860c.01/8–945

No. 1136
Memorandum by the Polish Deputy Prime Minister (Mikołajczyk)1

[Translation]
secret

Poland is to be strong, free, independent and sovereign. Poland is to live in alliance with Soviet Russia, with Great Britain and France, and in friendship with the United States and the Slav countries.

This is possible on the following conditions:

(1)
The Soviet forces and the NKVD should quit the territories accorded to, and delimited for, the Polish State.
(2)
The Polish Army is to become a national army.
(3)
The so-called Security should cease to terrorize the community.
(4)
The émigrés and Polish troops should return swiftly, and elections should be held, before which the western frontiers should be settled.
(5)
There should be freedom of the Press and freedom of concourse and the genuine organization of the five Parties in Poland. The [Page 1129]P. P. R. (translators note—the Polish Labor Party or really, the Communist Party) does enjoy these freedoms, the P. P. S. (Polish Socialist Party) only enjoys them in part, whilst the Democratic party is at this moment more or less an extension of the P. P. R.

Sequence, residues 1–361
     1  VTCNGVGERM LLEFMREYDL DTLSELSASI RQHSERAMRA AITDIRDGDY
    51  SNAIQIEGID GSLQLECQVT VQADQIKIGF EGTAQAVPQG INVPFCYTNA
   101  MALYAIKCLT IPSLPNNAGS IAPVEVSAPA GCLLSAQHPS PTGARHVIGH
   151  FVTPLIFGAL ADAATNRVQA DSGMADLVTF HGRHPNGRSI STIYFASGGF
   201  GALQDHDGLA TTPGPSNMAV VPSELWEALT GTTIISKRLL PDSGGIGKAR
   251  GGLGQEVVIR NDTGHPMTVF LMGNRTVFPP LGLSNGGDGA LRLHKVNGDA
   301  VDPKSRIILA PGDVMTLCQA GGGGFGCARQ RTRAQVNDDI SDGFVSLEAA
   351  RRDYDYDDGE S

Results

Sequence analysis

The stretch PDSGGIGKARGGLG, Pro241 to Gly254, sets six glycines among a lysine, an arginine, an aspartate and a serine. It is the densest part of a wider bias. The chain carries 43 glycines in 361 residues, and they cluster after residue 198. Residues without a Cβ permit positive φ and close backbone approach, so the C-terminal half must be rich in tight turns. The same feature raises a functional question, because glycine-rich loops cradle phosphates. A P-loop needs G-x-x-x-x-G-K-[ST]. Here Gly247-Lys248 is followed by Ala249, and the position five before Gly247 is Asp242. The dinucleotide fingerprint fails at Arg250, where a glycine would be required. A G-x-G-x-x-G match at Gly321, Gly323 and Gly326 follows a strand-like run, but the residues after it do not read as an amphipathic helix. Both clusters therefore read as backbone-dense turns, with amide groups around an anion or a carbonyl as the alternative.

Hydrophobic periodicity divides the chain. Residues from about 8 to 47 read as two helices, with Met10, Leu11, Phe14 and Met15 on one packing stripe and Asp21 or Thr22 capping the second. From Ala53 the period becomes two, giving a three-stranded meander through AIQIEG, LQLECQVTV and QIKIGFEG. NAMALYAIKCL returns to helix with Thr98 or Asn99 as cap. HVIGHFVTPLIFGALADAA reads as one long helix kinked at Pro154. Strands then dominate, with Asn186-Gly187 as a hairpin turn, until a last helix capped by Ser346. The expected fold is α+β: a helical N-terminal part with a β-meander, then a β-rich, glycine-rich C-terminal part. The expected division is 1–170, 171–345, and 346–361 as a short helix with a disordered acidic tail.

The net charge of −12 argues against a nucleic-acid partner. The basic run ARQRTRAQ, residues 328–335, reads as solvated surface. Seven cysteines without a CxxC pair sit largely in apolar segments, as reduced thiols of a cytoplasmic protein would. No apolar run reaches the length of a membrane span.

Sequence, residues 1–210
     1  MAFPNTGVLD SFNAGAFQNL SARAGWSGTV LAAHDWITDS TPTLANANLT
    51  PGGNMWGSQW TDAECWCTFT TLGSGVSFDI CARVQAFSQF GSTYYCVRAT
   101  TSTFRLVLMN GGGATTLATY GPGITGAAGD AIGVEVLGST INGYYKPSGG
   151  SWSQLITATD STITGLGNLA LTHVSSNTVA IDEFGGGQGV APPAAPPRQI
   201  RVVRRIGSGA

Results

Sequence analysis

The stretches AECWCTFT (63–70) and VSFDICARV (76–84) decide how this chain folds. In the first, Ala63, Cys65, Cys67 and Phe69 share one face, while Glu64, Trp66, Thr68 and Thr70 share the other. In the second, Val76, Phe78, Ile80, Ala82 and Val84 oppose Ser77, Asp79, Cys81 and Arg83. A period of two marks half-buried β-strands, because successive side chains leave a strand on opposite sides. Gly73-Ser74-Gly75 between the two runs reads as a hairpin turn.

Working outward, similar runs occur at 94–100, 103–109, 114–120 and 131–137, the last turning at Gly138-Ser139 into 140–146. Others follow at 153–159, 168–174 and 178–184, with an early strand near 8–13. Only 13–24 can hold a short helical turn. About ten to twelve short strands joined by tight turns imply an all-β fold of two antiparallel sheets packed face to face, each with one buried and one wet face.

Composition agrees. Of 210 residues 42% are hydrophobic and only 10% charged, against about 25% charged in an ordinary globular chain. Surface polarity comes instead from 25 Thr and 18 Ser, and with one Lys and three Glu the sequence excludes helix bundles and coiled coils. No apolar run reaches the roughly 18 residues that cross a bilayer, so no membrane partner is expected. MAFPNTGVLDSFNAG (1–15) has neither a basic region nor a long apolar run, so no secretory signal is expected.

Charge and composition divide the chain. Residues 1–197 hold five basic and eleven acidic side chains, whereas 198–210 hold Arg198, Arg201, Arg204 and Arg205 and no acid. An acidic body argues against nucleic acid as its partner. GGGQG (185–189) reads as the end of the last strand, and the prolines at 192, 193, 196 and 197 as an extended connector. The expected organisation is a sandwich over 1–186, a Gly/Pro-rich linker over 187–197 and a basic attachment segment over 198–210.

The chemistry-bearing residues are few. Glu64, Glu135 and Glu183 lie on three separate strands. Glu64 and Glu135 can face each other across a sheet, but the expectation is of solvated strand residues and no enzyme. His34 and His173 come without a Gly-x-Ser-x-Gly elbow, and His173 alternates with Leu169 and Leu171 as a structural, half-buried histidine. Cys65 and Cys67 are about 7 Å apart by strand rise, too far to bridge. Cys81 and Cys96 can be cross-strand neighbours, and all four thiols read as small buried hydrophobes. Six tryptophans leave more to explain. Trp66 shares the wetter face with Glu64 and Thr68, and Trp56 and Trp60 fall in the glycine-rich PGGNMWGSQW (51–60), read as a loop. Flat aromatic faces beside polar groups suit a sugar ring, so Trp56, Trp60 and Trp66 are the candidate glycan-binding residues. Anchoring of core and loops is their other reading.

The Peasant’s Party, thanks to which the Provisional Government of National Unity has been formed and the Polish Government recognised, does not have freedom of action, nor does the Labor Party.
(6)
Personal freedom and the right of property should be safeguarded within the framework of the law.
(7)
The elections should take place at the latest in December or February on the basis of the electoral laws resulting from the 1921 constitution. There must be found a method of ensuring the fairness of the elections. Fair elections are impossible as long as Soviet troops and the NKVD remain in Poland. Elections on the basis of the 1921 constitution are rendered impossible by interpretations relating to the electoral system. These follow the conception of the PKWN (translator’s note: Polish Committee of National Liberation), which was based on the 1921 constitution, and they introduce artificial majorities by the appointment—beside the political parties—of various professional and social organizations which are adjuncts of a party already possessing its own representatives in Parliament (Sejm).

  1. Handed to Harriman at a meeting attended also by Dunn and Matthews. See ante, p. 395.